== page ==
Hurricane Dorian, which recently strengthened to a Category 5 storm, made landfall on Sunday in the Bahamas, which it was still pummeling as it crawled forward on Monday morning.
The storm had continued to intensify over the past week, with sustained winds reported up to 165 mph on Monday, according to CNN. Thirty inches of rain were also possible in some areas, according to the New York Times, as well as storm surges of 18 to 23 feet.
Dorian had been stalled by a high-pressure system in the Atlantic Ocean, CNN reported, but it was forecasted to move northward later Monday — swirling along the East Coast, past Florida, Georgia and the Carolinas. Parts of those states were under mandatory evacuation.
More than 20 million Americans could be affected by the raging storm, CBS News reported Saturday.
The network added that the Bahamas would feel hurricane conditions Sunday — where Dorian made landfall shortly before 1 p.m. local time and again at 2 p.m. — though the hurricane could miss Florida and make landfall in the U.S. over South Carolina on Wednesday or Thursday. Its intensity at that time was still unclear, according to the Times.
The National Hurricane Center was providing regular updates on social media and directed residents of specific states to its regional offices for further information.
The number of victims and approximate property damage from Dorian was not immediately clear on Monday, though aid workers said up to 13,000 homes may have already been severely damaged or destroyed, CNN reported.
Florida lawmaker Shevrin Jones on Sunday tweeted video he said was from his family in the Bahamas. “Please pray for us,” an emotional woman is heard saying in one clip, which shows submerged homes, surging water and gusting winds.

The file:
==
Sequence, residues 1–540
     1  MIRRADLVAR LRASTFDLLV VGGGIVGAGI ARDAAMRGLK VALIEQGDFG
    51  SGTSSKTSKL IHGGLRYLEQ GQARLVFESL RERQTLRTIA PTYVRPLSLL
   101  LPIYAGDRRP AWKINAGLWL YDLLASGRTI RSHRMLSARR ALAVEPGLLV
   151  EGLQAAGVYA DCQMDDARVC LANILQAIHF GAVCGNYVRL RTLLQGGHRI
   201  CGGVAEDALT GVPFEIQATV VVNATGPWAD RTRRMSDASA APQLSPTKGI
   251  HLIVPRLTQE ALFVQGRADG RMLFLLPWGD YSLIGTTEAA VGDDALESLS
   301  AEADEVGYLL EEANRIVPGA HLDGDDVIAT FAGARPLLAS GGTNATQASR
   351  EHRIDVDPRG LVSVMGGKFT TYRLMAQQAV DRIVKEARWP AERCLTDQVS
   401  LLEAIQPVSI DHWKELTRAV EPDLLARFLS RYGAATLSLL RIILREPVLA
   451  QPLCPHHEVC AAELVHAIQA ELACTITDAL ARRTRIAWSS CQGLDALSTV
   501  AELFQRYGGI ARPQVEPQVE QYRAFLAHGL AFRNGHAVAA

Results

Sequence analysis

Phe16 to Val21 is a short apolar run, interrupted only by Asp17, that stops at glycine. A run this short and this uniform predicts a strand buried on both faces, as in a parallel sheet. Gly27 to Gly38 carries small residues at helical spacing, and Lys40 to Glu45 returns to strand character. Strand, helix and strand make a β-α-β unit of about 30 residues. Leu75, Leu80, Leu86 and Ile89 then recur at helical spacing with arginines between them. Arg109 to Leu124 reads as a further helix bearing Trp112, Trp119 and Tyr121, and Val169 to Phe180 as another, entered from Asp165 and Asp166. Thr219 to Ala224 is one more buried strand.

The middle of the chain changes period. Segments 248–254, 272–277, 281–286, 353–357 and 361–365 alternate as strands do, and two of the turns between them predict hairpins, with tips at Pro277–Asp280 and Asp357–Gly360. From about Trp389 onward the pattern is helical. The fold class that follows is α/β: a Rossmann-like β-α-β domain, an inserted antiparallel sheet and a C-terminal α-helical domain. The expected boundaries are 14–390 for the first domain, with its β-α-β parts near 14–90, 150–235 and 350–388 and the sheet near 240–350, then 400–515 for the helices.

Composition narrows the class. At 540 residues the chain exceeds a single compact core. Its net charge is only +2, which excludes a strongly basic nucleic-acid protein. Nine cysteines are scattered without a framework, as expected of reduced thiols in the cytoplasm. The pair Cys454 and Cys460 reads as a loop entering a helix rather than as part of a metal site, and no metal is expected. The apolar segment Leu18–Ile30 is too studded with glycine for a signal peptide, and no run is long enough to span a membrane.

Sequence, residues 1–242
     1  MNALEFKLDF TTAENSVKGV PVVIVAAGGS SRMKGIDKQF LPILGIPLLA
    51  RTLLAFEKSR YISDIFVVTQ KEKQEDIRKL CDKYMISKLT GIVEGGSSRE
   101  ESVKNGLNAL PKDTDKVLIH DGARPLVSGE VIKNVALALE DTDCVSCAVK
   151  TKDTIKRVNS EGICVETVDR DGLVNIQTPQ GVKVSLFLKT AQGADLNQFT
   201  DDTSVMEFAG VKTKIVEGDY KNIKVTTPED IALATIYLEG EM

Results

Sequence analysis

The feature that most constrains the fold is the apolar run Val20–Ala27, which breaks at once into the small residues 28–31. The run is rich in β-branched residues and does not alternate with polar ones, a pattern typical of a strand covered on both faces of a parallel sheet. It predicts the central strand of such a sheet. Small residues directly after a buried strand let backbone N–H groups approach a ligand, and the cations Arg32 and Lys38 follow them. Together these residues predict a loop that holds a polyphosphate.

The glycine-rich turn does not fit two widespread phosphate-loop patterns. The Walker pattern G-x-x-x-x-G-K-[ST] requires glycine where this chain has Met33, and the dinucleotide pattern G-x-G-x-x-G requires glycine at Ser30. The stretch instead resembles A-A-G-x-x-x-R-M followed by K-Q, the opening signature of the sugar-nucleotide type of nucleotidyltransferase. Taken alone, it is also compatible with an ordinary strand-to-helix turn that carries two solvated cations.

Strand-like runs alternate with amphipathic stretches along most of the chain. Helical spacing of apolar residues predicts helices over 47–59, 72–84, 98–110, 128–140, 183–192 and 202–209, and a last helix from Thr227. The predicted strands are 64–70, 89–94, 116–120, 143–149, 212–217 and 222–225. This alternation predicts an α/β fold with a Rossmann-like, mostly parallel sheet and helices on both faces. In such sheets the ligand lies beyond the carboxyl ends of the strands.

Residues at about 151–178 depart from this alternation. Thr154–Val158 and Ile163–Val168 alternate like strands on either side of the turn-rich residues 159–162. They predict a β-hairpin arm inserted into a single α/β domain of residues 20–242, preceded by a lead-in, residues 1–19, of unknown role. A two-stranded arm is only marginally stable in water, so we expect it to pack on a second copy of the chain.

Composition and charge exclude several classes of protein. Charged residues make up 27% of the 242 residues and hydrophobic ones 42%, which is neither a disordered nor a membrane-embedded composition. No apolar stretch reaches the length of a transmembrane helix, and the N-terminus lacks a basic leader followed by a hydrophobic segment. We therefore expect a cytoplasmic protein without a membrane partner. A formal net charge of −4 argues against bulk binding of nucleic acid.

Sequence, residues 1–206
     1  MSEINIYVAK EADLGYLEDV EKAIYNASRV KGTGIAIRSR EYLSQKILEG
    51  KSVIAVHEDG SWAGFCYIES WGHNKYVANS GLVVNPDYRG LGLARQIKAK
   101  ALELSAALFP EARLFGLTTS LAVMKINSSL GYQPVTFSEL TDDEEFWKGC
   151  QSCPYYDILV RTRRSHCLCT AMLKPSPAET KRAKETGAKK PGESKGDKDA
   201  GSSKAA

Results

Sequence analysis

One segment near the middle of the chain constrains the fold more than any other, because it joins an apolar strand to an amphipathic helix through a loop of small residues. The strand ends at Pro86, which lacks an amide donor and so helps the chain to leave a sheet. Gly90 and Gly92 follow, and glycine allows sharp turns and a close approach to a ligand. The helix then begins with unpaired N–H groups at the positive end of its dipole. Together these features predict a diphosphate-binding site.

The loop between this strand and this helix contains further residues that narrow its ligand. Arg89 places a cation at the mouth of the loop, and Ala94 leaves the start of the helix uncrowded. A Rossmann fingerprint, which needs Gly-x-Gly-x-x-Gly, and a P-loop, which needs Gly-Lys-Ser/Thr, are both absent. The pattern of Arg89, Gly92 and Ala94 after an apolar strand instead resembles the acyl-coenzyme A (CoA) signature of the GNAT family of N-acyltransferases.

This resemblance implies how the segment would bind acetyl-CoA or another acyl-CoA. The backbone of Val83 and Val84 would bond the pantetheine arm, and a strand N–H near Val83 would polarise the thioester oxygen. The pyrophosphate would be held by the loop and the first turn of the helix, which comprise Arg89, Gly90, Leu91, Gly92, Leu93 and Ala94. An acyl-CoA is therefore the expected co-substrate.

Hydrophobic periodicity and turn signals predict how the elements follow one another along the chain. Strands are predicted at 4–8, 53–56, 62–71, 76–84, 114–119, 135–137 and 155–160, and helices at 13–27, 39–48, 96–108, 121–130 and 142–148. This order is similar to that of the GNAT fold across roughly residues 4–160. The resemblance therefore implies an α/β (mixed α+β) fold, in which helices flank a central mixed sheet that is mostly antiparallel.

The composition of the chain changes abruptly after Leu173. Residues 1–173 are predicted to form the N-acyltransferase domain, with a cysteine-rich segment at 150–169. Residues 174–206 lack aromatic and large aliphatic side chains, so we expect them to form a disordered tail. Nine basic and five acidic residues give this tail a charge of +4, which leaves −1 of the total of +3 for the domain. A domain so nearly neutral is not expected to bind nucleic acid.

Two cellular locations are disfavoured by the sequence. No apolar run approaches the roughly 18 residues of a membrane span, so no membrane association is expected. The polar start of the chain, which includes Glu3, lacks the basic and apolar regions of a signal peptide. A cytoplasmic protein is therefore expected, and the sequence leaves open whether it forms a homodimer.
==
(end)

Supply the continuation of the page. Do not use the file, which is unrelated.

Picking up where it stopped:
“People are sending voice notes, people are crying,” one local official told the Times. “You can hear people hollering in the background.”
“Just finish[ed] messaging my family in the Bahamas. They have no power and there’s a lot of flooding. Everyone is safe!” Jones tweeted on Monday.
High-resolution visible imagery over the eye of #Dorian is stunning this morning. This is a special view of 30-second @NOAA high-resolution visible imagery that forecasters use. Catch the latest on this hurricane's forecast at https://t.co/tW4KeFW0gB pic.twitter.com/J8lerryPrj— National Hurricane Center (@NHC_Atlantic) August 31, 2019
Tropical-storm-force winds are mostly likely to start in Georgia early on Wednesday, in South Carolina late Wednesday, and in North Carolina early Thursday. Follow the latest #Dorian forecast at https://t.co/tW4KeFW0gB pic.twitter.com/WjJzaNFncj— National Hurricane Center (@NHC_Atlantic) September 2, 2019
Hurricane Dorian grew to a Category 2 storm on Thursday, sending Florida residents to local grocery stores to stock up on food and supplies, the Associated Press reported.
The University of Miami hurricane researcher Brian McNoldy told the AP that “a lot of people are going to be affected” by Dorian. And President Donald Trump canceled a trip to Poland to focus on storm response, he said, though he reportedly also found time to golf.
“There is an increasing likelihood of life-threatening storm surge along portions of the Florida east coast late this weekend or early next week, although it is too soon to determine where the highest storm surge will occur,” the National Hurricane Center said in a Thursday update. “Residents should have their hurricane plan in place, know if they are in a hurricane evacuation zone, and listen to advice given by local emergency officials.”
The National Weather Service said the storm could bring “a triple-threat of dangers” including a “life-threatening storm surge,” heavy rains and “devastating hurricane-force winds.”
The storm did not leave as much damage as experts thought when it hit Puerto Rico and the Virgin Islands, according to the AP. But the storm was growing as it approached the U.S., drawing its strength from warm, open waters.
Tiffany Miranda, of Miami Springs, told the AP that she saw dozens of vehicles lined up for gas after she spent half an hour at BJ’s Wholesale Club.
“You never know with these hurricanes. It could be good, it could be bad,” she said. “You just have to be prepared.”
Another resident, Josefine Larrauri, said she found very few supplies left at a Miami Publix.
“I feel helpless because the whole coast is threatened,” she told the AP. “What’s the use of going all the way to Georgia if it can land there?”